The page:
As for the last, Spencer's very rough-edged, seen as somebody with some sort of power potential, but the Florida State League's a lousy place to show it, as reflected in the cherry-picked happiest bit of data in his performance for Clearwater, his hitting .266/.330/.376 against right-handed pitching. Yes, that's the good news, that and that he's only 22 years old. Maybe two months in the Cal League will lead to happy stats, but it's a hitter's league, and we'll need to see if player-development personnel and scouts see any noteworthy improvement. He's effectively non-roster ballast, a maybe who may be something, but who probably isn't.
So, who replaces Blanton in the rotation? The A's have four days to decide, so they may settle for a minor move in the meantime involving somebody already on the 40-man, but early speculation already points towards the A's purchasing Gio Gonzalez's contract from Sacramento. They might also take a spin with Lenny DiNardo or Kirk Saarloos, I guess, or Dan Meyer if they decide to evaluate him with an eye towards his future in the organization (or off of the 40-man). Gonzalez is the only one of those prospective fill-ins that would come with a happy spin to it, not just because it would reunite los dos Gonzos in the majors, but also reflect how Gio's delivered four straight quality starts, perhaps finally putting his maddening early-season inconsistency behind him.
In the wake of this latest deal, it's sort of interesting to review who's left who will be drawing a seven-figure payday from the 2009 A's. If Ellis departs as a free agent, that really gets us down to Eric Chavez's $11 million, Bobby Crosby's last year at $5.25 million, Alan Embree's $3 million option, and the arbitration cases of Huston Street, Justin Duchscherer, and Jack Cust. It doesn't look like Frank Thomas' option will vest. Skip comparing the A's to an investment bank, they're becoming more and more of an extreme example of how many near-minimum players you can employ on an active roster and still be competitive.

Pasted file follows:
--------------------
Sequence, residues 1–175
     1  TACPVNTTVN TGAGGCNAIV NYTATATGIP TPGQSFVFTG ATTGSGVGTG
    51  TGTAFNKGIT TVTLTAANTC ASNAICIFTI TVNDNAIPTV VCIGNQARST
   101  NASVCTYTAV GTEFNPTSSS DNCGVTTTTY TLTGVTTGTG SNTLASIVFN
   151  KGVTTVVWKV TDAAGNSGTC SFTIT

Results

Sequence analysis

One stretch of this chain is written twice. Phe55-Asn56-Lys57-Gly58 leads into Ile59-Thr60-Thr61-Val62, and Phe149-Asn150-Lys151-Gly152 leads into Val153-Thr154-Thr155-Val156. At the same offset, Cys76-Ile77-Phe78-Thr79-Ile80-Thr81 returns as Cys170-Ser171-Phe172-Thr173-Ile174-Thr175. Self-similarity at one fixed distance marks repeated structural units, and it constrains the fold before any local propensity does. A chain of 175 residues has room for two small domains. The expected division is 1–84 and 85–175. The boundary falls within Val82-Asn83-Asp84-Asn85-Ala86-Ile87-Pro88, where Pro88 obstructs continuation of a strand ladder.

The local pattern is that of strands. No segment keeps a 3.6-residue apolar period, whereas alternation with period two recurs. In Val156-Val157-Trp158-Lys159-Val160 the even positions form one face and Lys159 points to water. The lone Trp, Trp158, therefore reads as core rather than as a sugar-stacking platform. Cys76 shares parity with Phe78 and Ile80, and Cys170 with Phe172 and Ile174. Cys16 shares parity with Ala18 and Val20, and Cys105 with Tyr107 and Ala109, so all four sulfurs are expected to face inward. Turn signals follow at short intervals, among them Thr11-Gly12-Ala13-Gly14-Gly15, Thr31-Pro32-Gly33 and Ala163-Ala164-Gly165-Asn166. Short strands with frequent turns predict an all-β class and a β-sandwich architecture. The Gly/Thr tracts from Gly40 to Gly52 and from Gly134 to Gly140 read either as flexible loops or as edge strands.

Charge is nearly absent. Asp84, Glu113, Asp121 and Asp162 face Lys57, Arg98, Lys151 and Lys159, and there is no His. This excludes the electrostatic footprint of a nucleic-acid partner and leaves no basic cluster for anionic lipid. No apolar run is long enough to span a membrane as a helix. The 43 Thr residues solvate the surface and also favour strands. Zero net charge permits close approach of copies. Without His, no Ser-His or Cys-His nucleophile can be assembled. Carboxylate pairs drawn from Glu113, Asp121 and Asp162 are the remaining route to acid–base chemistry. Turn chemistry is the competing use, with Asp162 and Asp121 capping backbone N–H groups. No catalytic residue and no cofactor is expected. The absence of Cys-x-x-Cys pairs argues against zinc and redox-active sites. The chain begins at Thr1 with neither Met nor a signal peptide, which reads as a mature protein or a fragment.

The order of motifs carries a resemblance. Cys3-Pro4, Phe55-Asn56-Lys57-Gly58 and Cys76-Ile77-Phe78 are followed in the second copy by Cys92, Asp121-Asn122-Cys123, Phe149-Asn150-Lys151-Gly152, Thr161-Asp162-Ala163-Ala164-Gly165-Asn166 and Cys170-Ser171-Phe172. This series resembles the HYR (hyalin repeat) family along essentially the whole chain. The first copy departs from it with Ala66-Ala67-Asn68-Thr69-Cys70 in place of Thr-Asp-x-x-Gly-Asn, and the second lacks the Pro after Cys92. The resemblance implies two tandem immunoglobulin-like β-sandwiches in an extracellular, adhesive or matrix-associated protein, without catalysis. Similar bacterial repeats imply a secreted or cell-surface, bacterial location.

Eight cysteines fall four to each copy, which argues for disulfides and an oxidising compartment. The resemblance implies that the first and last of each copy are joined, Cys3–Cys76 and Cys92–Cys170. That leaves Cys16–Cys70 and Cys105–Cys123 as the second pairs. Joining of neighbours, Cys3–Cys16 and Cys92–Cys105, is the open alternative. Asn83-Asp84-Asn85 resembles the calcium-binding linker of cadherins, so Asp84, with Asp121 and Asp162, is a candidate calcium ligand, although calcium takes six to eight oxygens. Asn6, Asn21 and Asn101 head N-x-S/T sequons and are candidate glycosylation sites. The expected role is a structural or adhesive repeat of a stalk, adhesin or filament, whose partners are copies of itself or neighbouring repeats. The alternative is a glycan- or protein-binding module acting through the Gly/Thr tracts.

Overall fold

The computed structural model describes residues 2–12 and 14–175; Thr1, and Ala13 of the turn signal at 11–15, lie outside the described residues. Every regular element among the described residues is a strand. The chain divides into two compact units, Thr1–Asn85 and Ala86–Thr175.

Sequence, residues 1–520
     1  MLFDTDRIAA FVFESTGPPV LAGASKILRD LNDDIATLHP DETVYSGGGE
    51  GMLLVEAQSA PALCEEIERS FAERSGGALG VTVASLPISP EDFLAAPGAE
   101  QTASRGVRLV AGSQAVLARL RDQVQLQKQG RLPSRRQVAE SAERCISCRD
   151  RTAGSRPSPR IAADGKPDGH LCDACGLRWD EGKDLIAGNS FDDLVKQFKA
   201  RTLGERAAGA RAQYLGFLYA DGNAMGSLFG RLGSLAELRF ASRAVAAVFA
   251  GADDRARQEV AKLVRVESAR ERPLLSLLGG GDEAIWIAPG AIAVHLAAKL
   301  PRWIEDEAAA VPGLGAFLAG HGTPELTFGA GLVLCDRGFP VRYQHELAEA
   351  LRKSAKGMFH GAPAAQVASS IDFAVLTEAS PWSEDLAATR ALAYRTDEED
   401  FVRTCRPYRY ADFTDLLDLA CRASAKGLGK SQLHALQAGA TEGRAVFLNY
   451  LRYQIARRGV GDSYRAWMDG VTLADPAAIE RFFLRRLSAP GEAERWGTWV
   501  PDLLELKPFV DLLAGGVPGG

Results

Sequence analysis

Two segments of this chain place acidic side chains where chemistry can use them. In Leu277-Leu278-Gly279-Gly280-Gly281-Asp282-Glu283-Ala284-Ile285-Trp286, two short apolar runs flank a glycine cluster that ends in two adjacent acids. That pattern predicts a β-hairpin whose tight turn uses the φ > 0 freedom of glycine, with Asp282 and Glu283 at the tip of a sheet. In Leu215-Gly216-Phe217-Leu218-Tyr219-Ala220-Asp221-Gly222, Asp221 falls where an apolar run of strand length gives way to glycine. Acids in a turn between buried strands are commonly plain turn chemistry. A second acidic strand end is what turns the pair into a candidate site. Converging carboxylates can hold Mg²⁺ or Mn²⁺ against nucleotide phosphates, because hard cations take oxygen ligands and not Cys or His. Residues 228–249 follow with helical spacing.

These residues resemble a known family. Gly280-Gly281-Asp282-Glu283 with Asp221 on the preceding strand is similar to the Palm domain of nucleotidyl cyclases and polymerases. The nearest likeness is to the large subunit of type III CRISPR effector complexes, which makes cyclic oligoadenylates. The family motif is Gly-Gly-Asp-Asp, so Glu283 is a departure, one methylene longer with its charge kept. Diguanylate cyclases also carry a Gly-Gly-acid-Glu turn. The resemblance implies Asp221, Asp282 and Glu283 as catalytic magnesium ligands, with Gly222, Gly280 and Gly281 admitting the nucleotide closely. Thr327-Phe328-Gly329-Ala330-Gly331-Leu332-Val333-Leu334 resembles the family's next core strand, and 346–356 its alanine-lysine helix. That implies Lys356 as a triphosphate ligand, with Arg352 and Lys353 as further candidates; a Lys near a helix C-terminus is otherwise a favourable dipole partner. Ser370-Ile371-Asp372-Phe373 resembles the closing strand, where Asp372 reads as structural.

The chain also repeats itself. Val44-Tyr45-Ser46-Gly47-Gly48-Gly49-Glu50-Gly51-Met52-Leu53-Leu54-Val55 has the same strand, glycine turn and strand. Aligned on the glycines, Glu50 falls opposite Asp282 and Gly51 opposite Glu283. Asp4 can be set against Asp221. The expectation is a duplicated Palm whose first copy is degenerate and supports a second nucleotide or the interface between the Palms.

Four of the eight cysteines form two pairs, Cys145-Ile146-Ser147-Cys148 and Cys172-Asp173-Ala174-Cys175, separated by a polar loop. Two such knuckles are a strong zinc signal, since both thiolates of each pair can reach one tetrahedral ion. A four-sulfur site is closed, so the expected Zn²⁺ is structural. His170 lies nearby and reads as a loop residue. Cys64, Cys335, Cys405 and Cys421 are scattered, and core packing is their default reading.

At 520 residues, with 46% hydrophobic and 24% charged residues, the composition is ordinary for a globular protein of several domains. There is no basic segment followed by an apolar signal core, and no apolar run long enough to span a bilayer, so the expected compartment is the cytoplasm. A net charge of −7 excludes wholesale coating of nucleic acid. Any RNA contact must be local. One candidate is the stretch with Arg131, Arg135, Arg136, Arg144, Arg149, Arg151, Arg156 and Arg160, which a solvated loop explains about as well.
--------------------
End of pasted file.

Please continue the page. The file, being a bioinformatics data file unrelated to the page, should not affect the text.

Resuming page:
As solutions go, this has the advantage of being low-cost in talent and cash, with the primary problem being that adding Clark reflects some unfortunately modest ambitions. I'm willing to concede that a ghastly-bad left fielder is a survivable problem for a contending ballclub, and Conor Jackson's exacty that. I just worry that with the overall “quality” of the Snakes' offense—a scaly 14th in the NL in EqA, and 25th in the majors—they need to be more aggressive in fixing that, and a Chad Tracy/Tony Clark platoon at first base might only give them league-average production at the position if they're both only cranking at roughly a .270 EqA clip. Strategically speaking, that means they'll have foregone the opportunity to acquire any of the big-name outfielders available the next two weeks, and as much as this team's bets are on its young players' development and the quality of its rotation, it's a shame if this is what they're going to settle for when the league's relatively wide open, both down the stretch and into October.
Acquired RHP Joe Blanton from the Athletics for 2B-L Adrian Cardenas, LHP Josh Outman, and OF-L Matt Spencer. [7/17]